This is a loaded question we get asked at shows — nobody is ever impressed when you tell them 20 minutes! I say we’ve both dedicated a great deal of time and energy over the past 13 years to get to where we can create at our current level. It’s like being a pilot — 10,000 hours makes you comfortable flying. We’ve done that many times over by now!

Opening Glass
What are your most essential tools?

One of the great things about glass blowing is that the best tools and techniques have remained unchanged for more than a thousand years. Heat, gravity, how you turn, and the way you move and manipulate the glass without touching it will make the most efficient and elegant form.

Even the hand tools we use are very primitive. Glass work is essentially a throwback technique, which makes it really cool and protects it from being obsolete. There are things that can only be done by hand that a machine cannot replicate and that is what makes it special.

Patrick at the Fire | UncommonGoods
Do you keep anything inspirational around you when you work?

Our rescue dog Jeffrey is a great inspiration! He keeps us grounded and gives us an example of great K-9 courage, overcoming what he had to as a young puppy. Now he keeps us company in the studio or wherever we go.

Do you drink from glasses you make in your home?

We keep some of our glassware handy, but our favorite works are ones from friends or other artists that we’ve worked for. These are the best to drink out of because they remind you of a time, place, and experience you had with someone special.

Shamrock Glass | UncommonGoods

See the Collection | UncommonGoods

The Uncommon Life

Instagram Challenge: CLEVER COSTUMES

October 14, 2015

Instagram Challenge | Clever Costumes | #UGInstaFun

The next Instagram Challenge theme is CLEVER COSTUMES. Every autumn, I always remember one of my favorite lines from Anne of Green Gables: “I’m so glad I live in a world where there are Octobers.” From the perfectly cool weather, to the creative energy leading up to our favorite spooky holiday, there’s so much to love about October. For the rest of this month, we want to see the clever costumes you’re planning for October 31! While sharing your most creative Halloween photos, be sure to use the hashtag #UGInstaFun to be in the running for a $50 gift card. Visit here to see the entries we’ve received so far.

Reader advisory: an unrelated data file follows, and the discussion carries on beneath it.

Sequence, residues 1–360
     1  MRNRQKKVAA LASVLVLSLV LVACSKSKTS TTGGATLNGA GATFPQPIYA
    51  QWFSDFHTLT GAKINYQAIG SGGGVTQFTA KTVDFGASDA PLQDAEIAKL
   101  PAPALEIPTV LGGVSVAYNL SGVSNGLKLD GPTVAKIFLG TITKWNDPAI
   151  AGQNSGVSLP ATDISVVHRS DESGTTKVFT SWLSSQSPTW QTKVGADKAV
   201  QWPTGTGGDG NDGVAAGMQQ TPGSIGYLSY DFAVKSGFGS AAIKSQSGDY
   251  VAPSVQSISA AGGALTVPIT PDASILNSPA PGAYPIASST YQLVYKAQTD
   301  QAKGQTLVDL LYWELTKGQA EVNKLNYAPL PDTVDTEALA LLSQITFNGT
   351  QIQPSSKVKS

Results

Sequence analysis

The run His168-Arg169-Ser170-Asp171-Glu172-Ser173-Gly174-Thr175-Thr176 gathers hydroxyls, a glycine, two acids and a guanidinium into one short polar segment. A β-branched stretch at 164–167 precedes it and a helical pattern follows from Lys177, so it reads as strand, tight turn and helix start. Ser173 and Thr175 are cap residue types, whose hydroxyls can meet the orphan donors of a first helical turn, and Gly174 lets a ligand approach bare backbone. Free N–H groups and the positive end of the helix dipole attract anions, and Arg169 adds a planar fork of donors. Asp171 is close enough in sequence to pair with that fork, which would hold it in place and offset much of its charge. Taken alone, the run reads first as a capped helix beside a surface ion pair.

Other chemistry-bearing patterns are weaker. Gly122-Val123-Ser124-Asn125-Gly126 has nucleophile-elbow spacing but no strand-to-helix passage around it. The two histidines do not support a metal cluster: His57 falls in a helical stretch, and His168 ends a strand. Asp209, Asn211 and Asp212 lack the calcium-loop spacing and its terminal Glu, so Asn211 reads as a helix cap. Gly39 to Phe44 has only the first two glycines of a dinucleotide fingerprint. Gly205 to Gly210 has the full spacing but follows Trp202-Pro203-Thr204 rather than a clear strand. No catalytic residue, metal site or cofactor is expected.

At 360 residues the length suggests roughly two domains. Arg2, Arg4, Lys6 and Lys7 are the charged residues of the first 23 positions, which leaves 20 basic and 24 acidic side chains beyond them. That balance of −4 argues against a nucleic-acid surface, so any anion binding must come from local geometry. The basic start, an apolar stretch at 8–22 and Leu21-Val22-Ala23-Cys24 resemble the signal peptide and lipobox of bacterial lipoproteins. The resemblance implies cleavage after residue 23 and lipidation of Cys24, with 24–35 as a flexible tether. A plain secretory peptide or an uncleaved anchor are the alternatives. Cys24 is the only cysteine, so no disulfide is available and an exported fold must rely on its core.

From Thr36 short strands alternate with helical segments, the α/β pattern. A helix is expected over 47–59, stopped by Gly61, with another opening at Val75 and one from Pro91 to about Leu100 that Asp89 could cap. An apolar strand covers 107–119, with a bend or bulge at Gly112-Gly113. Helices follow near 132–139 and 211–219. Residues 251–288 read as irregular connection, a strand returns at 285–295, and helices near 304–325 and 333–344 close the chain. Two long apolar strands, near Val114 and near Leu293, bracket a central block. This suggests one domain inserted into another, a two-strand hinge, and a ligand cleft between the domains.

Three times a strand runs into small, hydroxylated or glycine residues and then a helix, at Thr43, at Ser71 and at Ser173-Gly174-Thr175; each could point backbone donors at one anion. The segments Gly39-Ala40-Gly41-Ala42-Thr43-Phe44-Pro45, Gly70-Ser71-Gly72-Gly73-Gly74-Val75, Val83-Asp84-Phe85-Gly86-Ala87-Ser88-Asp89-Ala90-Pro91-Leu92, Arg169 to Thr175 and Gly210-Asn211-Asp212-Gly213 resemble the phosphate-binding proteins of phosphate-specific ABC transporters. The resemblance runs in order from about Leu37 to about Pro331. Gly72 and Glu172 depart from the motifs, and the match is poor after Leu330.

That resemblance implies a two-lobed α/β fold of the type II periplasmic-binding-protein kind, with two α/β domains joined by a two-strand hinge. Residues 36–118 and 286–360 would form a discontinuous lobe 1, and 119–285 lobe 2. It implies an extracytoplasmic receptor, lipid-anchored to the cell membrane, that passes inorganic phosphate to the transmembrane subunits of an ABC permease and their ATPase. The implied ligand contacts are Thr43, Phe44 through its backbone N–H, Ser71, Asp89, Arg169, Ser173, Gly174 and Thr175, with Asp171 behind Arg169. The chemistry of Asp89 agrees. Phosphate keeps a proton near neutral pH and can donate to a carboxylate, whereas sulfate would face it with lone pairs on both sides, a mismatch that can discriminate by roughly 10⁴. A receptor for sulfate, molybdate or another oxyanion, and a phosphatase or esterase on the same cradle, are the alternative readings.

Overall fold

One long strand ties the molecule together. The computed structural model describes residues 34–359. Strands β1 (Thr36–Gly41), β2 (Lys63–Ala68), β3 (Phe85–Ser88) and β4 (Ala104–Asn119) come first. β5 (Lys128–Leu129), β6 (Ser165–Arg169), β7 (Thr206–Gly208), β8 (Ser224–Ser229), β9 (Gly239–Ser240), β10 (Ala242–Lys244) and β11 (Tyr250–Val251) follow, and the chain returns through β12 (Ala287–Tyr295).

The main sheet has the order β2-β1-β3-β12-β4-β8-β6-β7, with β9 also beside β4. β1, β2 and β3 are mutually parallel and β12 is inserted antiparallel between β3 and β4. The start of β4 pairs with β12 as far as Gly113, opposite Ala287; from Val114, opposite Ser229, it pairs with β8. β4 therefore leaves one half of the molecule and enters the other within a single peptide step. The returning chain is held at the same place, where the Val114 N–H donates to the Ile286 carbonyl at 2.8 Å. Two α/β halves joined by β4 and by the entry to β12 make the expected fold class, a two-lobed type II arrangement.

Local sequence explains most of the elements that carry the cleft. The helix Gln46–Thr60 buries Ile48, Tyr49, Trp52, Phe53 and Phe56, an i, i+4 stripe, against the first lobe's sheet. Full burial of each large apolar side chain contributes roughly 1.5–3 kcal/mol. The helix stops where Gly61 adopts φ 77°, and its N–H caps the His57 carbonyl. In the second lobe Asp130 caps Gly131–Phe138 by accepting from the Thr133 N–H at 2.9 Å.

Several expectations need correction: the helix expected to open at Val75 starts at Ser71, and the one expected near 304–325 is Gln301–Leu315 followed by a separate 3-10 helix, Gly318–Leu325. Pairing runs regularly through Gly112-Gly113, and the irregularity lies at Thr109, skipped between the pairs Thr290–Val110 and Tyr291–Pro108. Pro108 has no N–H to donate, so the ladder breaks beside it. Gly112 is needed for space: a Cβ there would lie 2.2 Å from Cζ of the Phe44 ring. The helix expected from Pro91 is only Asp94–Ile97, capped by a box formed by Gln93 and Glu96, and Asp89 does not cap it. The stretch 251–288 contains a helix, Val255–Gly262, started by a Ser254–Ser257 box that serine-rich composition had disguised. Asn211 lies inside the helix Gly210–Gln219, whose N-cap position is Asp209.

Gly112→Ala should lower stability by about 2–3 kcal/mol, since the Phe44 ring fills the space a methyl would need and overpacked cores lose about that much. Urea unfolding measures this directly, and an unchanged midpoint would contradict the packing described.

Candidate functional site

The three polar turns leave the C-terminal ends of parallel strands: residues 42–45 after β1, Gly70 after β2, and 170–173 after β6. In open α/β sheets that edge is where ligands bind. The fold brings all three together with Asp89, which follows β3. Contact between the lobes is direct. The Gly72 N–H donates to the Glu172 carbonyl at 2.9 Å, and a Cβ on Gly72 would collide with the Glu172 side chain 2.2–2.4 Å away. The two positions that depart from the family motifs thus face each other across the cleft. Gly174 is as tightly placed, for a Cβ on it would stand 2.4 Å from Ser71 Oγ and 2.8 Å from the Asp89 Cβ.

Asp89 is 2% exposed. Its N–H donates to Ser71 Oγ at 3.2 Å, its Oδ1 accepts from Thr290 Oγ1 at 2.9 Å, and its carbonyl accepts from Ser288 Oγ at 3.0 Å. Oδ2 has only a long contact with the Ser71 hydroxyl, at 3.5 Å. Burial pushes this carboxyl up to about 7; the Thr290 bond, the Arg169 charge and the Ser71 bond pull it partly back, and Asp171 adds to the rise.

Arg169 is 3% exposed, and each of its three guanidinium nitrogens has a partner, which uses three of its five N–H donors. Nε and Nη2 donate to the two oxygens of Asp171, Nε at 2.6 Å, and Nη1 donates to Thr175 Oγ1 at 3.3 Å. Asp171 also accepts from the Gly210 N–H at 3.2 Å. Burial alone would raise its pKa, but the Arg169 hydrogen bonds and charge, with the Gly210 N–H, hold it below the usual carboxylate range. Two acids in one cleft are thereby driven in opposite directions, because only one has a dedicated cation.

Congratulations to @dishnthekitchen for winning the Pumpkin Spice Instagram Challenge with this delicious shot of pumpkin pizza. (Click the photo below to try her recipe!)

Instagram Challenge Winner | Pumpkin Spice

 

Maker Stories

Uncommon Impact: Practical Design Meets Practicing Better Business

October 1, 2015

As a B Corp certified company, UncommonGoods is excited about sustainability. That means more to us than just being “green” – we strive to offer products that reflect the environmental and social best-interests of everyone. So, when our makers are as concerned with sustainability as we are, we’re always excited to learn more about their process and the positive impact they’re having on the world.

While many of our makers rely on sustainable practices at one point or another in their process, we’re especially excited about those who place the wider world at the forefront of their craft – those who are making an uncommon impact.

Meet Lishu and Leonardo Rodriguez, founders of fellow B Corp El Dot Designs, which specializes in mindfully-sourced home furnishings that have a positive impact on the lives of the people who make them. Their work is as much about sustaining the environment as it is about providing economic opportunity for disadvantaged women and minority artisans, all the while nurturing the traditional craftsmanship behind practical modern designs.

Lishu and Leo Rodriguez

 Lishu and Leo Rodriguez 

Where does the natural environment find a place in the inspiration for and impact of your work?
Nature is our teacher and our muse. We believe in our symbiotic relationship with the natural environment. Our work nurtures this relationship where humanity and the natural environment benefit form one another.

How do craft traditions and modern practicality merge in your designs?
Craft is based on necessity dating back to the beginnings of technology. Our designs appreciate this evolution towards efficiency and durability while maintaining that human touch and our heritage of making with our bare hands.